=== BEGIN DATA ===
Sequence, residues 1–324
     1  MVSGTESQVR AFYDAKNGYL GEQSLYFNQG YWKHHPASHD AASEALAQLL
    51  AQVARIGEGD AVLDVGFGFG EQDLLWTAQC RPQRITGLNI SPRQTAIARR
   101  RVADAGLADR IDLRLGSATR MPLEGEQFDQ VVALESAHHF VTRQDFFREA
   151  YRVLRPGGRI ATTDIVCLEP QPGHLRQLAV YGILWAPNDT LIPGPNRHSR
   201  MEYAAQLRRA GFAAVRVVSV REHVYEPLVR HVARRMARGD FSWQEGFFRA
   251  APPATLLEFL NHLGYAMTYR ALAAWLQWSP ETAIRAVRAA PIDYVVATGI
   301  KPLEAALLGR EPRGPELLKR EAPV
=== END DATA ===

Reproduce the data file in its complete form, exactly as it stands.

Sequence, residues 1–324
     1  MVSGTESQVR AFYDAKNGYL GEQSLYFNQG YWKHHPASHD AASEALAQLL
    51  AQVARIGEGD AVLDVGFGFG EQDLLWTAQC RPQRITGLNI SPRQTAIARR
   101  RVADAGLADR IDLRLGSATR MPLEGEQFDQ VVALESAHHF VTRQDFFREA
   151  YRVLRPGGRI ATTDIVCLEP QPGHLRQLAV YGILWAPNDT LIPGPNRHSR
   201  MEYAAQLRRA GFAAVRVVSV REHVYEPLVR HVARRMARGD FSWQEGFFRA
   251  APPATLLEFL NHLGYAMTYR ALAAWLQWSP ETAIRAVRAA PIDYVVATGI
   301  KPLEAALLGR EPRGPELLKR EAPV